1830 – Abner Cole, editor of The Reflector, begins publishing pirated extracts from the Book of Mormon, which is in the process of being printed at the Grandin press building, the same building used by Cole to print his newspaper. This marks the first time Book of Mormon text appears in print.
1831 – During the third conference of the Church, held at Fayette, New York, the Prophet Joseph Smith receives the revelation known as Doctrine and Covenants 38, which reiterates the instruction for the Church to move to Ohio and promises them great blessings if they do so.
1837 – The Kirtland Safety Society is reorganized into a joint stock company under the title of the Kirtland Safety Society Anti-Banking Company.
1843 – The Prophet Joseph appeared in court in Springfield, Illinois, on whether he should be returned to Missouri at the order of the Governor of Missouri. The attorney-general of Illinois asked for a continuance until the next day. The rest of the day the Prophet spent with visitors and friends, expounding on and teaching the gospel. He also prophesied that the court would decide in his favor and that he would not return to Missouri, dead or alive. (History of the Church, 5:216-220)
1844 – The Prophet Joseph responds to a letter from John C. Calhoun who was running for President. The Prophet had written to him asking what his stand would be towards the Mormons if he were elected President of the United States. Mr. Calhoun stated that he would “strive to administer the government according to the Constitution and the laws of the union’ and not interfere in religious beliefs. He also stated that he would not interfere in the Missouri affair as it “does not come within the jurisdiction of the Federal Government, which is one of limited and specific powers.’ Joseph, in his return letter, expresses his frustration over Calhoun’s statements that the Federal Government cannot insure the rights of a religious group in a particular state, like Missouri, who drove the Saints out.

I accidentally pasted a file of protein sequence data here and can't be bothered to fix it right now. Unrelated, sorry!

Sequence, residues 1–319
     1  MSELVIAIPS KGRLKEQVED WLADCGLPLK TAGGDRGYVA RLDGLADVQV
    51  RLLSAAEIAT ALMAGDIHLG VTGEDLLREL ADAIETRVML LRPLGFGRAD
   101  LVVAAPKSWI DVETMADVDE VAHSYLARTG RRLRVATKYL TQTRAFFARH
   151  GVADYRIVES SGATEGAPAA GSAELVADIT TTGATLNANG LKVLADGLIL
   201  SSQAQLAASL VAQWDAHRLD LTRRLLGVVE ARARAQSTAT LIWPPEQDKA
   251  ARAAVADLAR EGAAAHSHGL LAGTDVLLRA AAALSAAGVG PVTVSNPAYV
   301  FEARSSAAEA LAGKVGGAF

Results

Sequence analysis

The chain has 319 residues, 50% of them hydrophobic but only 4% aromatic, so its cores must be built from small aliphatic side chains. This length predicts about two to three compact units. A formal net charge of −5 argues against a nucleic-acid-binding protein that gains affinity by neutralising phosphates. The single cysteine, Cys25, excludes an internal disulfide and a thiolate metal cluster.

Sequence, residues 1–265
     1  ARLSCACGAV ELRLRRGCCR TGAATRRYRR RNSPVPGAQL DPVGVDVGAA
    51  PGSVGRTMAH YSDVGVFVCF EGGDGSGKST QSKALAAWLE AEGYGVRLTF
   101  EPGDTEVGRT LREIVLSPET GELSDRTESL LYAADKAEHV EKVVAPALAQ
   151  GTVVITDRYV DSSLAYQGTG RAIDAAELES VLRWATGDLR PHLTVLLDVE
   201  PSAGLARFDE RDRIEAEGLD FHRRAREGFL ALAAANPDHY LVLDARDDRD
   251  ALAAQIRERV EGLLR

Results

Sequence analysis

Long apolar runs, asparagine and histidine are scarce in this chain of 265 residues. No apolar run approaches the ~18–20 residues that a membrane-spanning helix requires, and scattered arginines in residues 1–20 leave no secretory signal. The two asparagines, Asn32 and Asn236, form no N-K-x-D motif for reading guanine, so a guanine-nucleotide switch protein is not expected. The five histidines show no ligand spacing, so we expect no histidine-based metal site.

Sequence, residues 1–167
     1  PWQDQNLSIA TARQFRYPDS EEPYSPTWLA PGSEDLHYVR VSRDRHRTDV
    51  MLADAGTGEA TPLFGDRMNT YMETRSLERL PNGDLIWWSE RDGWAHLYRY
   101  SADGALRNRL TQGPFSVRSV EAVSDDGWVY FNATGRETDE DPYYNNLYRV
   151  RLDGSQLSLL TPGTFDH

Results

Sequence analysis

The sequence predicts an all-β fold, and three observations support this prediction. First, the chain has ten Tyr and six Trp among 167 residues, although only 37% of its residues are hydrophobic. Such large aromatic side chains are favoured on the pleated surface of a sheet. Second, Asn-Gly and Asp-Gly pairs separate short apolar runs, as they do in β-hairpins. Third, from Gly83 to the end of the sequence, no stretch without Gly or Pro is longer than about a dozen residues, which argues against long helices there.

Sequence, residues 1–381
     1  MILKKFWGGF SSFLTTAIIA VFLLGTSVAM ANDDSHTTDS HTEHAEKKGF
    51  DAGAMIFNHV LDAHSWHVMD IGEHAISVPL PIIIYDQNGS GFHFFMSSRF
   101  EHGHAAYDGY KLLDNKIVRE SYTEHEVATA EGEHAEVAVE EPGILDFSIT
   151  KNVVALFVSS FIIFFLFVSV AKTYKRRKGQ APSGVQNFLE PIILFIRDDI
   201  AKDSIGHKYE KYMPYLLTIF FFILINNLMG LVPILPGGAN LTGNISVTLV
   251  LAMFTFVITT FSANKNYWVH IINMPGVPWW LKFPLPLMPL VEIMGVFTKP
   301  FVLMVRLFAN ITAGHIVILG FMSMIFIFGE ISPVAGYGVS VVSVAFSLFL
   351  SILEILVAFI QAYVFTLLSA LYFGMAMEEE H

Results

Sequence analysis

1882 – President John Taylor moves into the Gardo House built as the official residence of the President of the Church in Salt Lake City.
1954 – President David O. McKay leaves New York City for London en route to the South African, South American, and Central American Missions, making him the first President of the Church to visit these areas.
1985 – Brigham Young University’s football team is voted number one in the United States by every major poll and is named the 1984 National NCAA Champion. The team had finished with a perfect 13-0 record.
1999 – The First Presidency announces that the Mormon Youth Chorus will be reorganized and renamed the Temple Square Chorale, and the Mormon Youth Symphony orchestra will be renamed the Orchestra at Temple Square, beginning in June.
2018 – President Thomas S. Monson, sixteenth President of the Church passes away in Salt Lake City, Utah, at the age of 90.
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